Certified Dietary Manager Exam
The Certified Dietary Manager, Certified Food Protection Professional credentialing exam (CDM) was created by the Dietary Managers Association (DMA) in 1985. The DMA itself had been founded twenty-five years earlier in 1960. Initially, few DMA members chose to take the newly-created CDM exam. However, as of 2013, approximately 90% of DMA members have earned the CDM credential, indicating its mainstream recognition and acceptance.
The DMA changed its name to the Association of Nutrition & Foodservice Professionals (ANFP) in 2012. The CDM exam is currently administered by a subunit of the ANFP, the Certifying Board for Dietary Managers (CBDM).
Function of the Test
The CDM credential is a nationally-recognized professional credential for individuals working in dietary operations. Holders of the CDM are qualified to manage many areas of food service for sensitive populations, including menu development, food purchasing, and food preparation. They apply principles of nutrition and food safety to ensure that patients or customers receive food which is appropriate, healthful, and safe.
There are several possible paths by which to qualify to take the CDM exam. Graduates of ANFP-approved dietary manager training programs are eligible to take the exam; holders of college degrees in related fields such as foodservice management or culinary arts are eligible; and individuals with sufficient relevant training, work experience, or military training may also be eligible to take the exam. Candidates are encouraged to review the eligibility requirements carefully.
Between March 5 and August 31, 2014, 687 candidates took the CDM exam. 521 candidates (76%) passed the exam. As of mid 2014, there were 13,540 holders of the CDM credential.
The CDM exam costs $399 to take. The exam is offered year-round at any of the more than 190 Applied Measurement Professional, Inc. (AMP) testing centers. After candidates successfully submit an application to the ANFP to take the examination, the ANFP forwards the candidate's information on to AMP. AMP contacts the candidates directly to schedule an examination appointment. Candidates have four hours to complete the 200-question exam.
Candidates receive their results immediately after completing the exam. Unsuccessful candidates who wish to retake the examination must submit a new application and pay another exam fee of $399. It does not appear that there are any restrictions on how often or how many times candidates may take the CDM exam.
Candidates who require special accommodations for a medical condition or disability may request accommodation directly from AMP. AMP requires all requests and accompanying documentation to be submitted at least 45 days prior to the requested examination date.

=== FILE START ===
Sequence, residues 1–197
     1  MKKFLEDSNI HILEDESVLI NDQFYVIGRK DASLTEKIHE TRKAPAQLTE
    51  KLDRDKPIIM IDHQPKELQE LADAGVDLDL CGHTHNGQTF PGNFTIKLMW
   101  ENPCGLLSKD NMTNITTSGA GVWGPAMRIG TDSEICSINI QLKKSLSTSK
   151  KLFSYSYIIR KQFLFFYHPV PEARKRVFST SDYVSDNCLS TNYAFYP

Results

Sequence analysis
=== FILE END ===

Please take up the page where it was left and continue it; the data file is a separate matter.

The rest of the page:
|Sections of the CDM Test|
|CDM Test Subject Areas||% of Exam|
|Gather Nutrition Data||8.5%|
|Apply Nutrition Data||8.5%|
|Provide Nutrition Education||6.5%|
|Hire and Supervise||9%|
|Develop Personnel and Communications||8.3%|
|Manage Supplies, Equipment Use, Sanitation and Safety||24%|
|Manage Business Operations||8.4%|
On the day of the exam, candidates are expected to arrive prepared in a timely manner. For admission, a valid, government issued ID containing a photo and signature is required. This includes a driver's license, passport, or military ID card. A secondary ID is also required, which must include name and signature, such as a social security card, credit card, or student ID. The test is computer based, and independently timed. Scores will be sent out within seven to ten days.
The CDM Exam is made up of 200 multiple choice questions. Of the 200, only 175 are scored. The rest are unscored, pretest questions. All 200 items have to do with ten major domains: Gather Nutrition Data; Apply Nutrition Data; Provide Nutrition Education; Provide Foodservices; Hire and Supervise; Develop Personnel and Communications; Professional Interaction; Manage Supplies, Equipment Use, Sanitation and Safety; Manage Production; and Manage Business Operations. A time limit of four hours is given to complete the exam.
The CDM exam is a computer-based exam comprising 200 multiple choice questions, of which 175 are scored and 25 are unscored pretest items being assessed for inclusion on future versions of the examination. Guessing is not penalized on the test. Omitted answers are counted the same as incorrect answers. In addition, the test is not adaptive. All candidates take the full 200-question exam regardless of how well or poorly they are performing.
The passing score tends to fall between 70% and 75%. The CBDM determines the passing score of each version of the CDM exam using a modified Angoff procedure. A board of experts judges the difficulty of each individual question on the examination to determine the overall difficulty of the exam. Slightly easier versions of the exam have higher minimum passing scores than harder versions of the exam do.
The exam pass rate in 2014 was 76%.
Recent and Future Developments
On March 5, 2014, the CDM exam began year-round computer-based testing.
The latest version of the content outline of the CDM exam went into effect on January 1, 2016.
- ANFP Mission & Background October 4 2014
- Q&A with William St. John, CAE, President and CEO, Association of Nutrition & Foodservice Professionals October 4 2014
- Dietary Managers Association Unveils New Name, Logo October 4 2014
- ANFP at a glance October 4 2014
- Discover the Power of the CDM, CFPP Credential October 4 2014
- 2014 CDM Credentialing Exam Candidate Handbook & Application October 4 2014
- Credentialing Exam FAQ October 4 2014
- AMP: Request for Special Examination Accommodations October 4 2014
- Exam FAQ 17 October 2014
- Exam Content 17 October 2014
- CBDM Detailed Content Outline October 4 2014